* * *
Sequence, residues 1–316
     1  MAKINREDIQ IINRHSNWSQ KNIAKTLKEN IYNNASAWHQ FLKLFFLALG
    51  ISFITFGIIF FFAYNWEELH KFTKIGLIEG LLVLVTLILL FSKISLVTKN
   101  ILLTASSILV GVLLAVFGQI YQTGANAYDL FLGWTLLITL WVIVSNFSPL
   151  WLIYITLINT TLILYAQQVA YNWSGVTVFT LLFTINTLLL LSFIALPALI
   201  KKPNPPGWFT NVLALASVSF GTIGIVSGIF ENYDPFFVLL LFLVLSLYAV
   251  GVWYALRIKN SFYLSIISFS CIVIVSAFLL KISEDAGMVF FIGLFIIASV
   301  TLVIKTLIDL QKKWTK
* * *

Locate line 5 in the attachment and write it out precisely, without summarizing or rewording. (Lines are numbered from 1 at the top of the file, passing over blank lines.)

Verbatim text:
   151  WLIYITLINT TLILYAQQVA YNWSGVTVFT LLFTINTLLL LSFIALPALI